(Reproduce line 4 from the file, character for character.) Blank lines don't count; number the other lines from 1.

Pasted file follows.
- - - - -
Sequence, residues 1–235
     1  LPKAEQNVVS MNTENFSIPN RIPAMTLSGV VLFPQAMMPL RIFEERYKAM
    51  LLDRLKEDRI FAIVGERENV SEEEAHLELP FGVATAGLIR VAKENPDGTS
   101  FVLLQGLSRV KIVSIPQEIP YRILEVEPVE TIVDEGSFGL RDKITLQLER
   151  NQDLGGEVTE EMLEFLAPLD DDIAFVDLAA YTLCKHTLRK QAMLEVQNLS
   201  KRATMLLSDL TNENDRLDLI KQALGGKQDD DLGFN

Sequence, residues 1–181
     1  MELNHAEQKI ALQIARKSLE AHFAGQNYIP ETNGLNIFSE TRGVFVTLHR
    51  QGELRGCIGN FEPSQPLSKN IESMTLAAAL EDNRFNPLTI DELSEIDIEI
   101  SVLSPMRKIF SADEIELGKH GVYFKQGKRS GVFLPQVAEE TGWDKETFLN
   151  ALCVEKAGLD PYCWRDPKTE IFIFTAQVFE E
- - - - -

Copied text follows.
   101  FVLLQGLSRV KIVSIPQEIP YRILEVEPVE TIVDEGSFGL RDKITLQLER